It was a braw bricht nicht on Sunday as Maple Creek’s Anglican Church Hall was filled for three hours with the sights, sounds, smells and flavours of bonnie Scotland.
Kilts, sporrans, and tam o’ shanters were proudly worn as about 50 people turned out to celebrate Robert Burns, “The Ploughman’s Poet”.
Toasts, poems, songs, traditional fare and high-energy dancing from the McConnell School of Highland Dance created a festive atmosphere that would surely have had the 18th century romantic bard jigging in his grave.
Although Robert Burns Nights have been held in his native land for more than 200 years, the tradition goes back to about 1993 in Maple Creek.
It allows participants a chance to be Scottish for a wee while.
Sunday’s celebration, with Ray McDougald as Master of Ceremonies, followed a long-established format, starting with a toast to the immortal memory, a reading of “The Selkirk Grace” and a serving of cock-a-leekie soup and Scotch Bannock.
After Kinley Pratt delivered the Address to the Haggis, the Scottish delicacy, cooked to mouth-watering perfection by Ross and Roy Martin, was served with appropriate fanfare.
Originally made from a sheep’s or calf’s offal mixed with suet, oatmeal, and seasoning boiled in a sheep’s stomach, today’s haggis contains modified ingredients, often beef liver, pinhead oats and onions. A centrepiece of every self-respecting Burns supper, it was once described by the great man himself as the “great chieftain o’ th’ pudding race”. Accompanying it were bashed neeps (turnips), champit tatties (mashed potatoes), and whisky sauce (alcohol free).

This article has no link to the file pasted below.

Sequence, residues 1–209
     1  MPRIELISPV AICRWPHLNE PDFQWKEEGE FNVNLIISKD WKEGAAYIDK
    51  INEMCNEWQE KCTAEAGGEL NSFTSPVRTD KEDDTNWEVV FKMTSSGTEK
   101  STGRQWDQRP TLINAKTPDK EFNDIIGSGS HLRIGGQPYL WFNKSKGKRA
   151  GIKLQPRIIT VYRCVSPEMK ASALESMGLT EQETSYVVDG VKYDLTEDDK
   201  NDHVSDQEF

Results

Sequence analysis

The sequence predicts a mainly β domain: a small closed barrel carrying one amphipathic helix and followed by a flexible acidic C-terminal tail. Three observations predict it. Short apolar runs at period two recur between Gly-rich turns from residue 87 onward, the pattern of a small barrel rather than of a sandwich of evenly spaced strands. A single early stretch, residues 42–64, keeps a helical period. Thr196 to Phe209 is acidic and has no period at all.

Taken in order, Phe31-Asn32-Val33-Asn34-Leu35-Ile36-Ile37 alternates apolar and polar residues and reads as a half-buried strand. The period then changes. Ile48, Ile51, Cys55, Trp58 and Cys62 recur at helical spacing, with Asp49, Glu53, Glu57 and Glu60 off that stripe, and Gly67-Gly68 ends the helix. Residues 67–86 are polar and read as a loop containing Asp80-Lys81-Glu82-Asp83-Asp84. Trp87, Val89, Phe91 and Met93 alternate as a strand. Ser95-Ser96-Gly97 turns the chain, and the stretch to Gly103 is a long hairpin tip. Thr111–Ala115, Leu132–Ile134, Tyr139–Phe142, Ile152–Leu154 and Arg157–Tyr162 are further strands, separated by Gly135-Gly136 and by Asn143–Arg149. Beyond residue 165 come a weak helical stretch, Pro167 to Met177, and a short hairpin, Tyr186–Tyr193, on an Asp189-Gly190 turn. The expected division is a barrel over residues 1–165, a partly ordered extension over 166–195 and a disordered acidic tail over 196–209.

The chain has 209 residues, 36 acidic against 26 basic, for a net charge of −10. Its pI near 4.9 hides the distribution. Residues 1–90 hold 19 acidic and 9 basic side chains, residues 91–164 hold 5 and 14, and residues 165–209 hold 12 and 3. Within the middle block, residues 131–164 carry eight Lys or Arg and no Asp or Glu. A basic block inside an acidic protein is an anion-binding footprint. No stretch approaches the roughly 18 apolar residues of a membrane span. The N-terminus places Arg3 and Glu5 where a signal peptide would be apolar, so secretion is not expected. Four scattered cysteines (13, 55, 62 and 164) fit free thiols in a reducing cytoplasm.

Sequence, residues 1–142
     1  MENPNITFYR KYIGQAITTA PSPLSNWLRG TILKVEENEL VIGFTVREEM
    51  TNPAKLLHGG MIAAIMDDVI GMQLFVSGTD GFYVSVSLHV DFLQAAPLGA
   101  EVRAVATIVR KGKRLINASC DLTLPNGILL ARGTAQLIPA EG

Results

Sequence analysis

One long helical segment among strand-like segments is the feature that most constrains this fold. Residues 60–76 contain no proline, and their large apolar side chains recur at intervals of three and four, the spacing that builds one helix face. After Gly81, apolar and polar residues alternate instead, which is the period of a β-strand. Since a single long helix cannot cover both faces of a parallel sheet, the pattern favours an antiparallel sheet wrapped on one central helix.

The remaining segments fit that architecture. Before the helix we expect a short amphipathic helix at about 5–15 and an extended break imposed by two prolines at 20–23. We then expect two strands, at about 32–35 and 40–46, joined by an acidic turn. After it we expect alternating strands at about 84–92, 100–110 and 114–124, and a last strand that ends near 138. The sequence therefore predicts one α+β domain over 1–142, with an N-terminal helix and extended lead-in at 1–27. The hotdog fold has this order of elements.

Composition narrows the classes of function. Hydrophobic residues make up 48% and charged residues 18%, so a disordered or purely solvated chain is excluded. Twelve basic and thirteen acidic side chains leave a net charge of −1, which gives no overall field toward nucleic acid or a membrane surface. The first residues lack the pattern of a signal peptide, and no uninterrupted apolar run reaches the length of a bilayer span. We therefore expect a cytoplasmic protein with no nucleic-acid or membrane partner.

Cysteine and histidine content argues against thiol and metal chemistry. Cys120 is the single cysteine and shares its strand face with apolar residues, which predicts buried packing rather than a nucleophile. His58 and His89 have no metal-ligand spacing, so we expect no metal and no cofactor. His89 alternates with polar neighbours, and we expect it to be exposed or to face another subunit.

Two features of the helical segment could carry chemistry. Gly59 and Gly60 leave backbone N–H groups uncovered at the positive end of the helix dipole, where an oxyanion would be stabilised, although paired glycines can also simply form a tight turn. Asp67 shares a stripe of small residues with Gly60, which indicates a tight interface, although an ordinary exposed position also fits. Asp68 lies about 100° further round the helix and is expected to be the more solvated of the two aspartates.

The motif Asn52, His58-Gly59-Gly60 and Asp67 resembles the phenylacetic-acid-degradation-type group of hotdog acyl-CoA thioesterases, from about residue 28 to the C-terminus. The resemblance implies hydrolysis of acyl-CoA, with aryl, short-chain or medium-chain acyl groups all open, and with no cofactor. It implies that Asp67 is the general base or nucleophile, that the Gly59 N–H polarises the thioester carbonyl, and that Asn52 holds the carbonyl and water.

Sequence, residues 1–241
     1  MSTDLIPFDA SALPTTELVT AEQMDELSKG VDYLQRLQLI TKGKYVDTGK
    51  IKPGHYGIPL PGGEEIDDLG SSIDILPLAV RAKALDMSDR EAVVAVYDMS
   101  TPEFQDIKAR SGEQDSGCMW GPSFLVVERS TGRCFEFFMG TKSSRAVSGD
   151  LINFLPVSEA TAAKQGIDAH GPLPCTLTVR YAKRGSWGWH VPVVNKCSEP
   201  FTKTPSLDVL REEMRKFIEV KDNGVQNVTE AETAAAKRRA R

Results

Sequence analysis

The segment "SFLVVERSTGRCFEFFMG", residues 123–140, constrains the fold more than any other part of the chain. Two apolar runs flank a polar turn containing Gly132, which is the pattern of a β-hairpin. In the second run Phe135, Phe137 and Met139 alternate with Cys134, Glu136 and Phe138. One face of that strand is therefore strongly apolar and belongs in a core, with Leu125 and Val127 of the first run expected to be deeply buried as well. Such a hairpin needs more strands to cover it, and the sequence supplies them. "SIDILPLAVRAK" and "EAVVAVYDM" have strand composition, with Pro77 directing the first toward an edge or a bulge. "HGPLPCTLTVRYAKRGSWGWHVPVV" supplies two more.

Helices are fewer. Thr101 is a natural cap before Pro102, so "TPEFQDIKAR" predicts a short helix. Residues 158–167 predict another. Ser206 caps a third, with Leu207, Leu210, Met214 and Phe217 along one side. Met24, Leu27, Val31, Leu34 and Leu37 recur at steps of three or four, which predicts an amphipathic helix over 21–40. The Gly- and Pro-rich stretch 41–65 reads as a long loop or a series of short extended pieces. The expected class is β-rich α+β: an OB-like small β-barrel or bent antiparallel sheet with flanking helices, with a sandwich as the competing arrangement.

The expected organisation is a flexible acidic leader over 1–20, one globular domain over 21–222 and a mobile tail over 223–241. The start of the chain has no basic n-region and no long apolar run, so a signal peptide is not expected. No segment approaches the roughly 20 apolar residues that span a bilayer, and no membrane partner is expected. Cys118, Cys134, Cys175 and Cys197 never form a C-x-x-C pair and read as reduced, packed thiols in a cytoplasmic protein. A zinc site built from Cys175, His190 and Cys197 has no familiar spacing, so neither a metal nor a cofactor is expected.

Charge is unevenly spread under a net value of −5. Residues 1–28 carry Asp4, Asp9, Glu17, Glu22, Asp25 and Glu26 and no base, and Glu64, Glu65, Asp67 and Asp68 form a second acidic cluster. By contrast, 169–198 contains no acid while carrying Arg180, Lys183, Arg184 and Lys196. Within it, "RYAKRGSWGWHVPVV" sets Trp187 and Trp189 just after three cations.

For dessert there was a Scottish classic, the Typsy Laird, similar to an English classic – the trifle that has graced British tables for centuries. Later, diners enjoyed shortbread with their coffee.
Meanwhile, the non-eating parts of the evening continued apace: Toast to the Twa’ Lands, A Wee Trip to Scotland (a slide show of Dick and Colleen Kennedy’s trip to Scotland), and the Toast to the Lassies (Dick Kennedy), followed by the Reply (Michele Rowe).
A highlight was the dancing by eight members of Medicine Hat’s McConnell dance school: Aurora, 7; Danica, 8; Evi, 9; Annalise, 9; Isla, 10; Elora, 10; Ryleigh, 13; and Sophia, 16. Their teacher is Karen Pillman.
The dancers returned from Scotland last year laden with medals and trophies, and it was easy to see why as they performed “Wilt Thou Go to Barrack’s, Johnny”, Sword Dance, Flora MacDonald’s Fancy, Seann Triubhas and Highland Fling.
It was breathless stuff.
The evening finished with everyone linking hands and belting out “Auld Lang Syne”, the Scots language poem that Burns wrote in 1788.
With stomachs full and spirits high, the time had come to say braw nicht.
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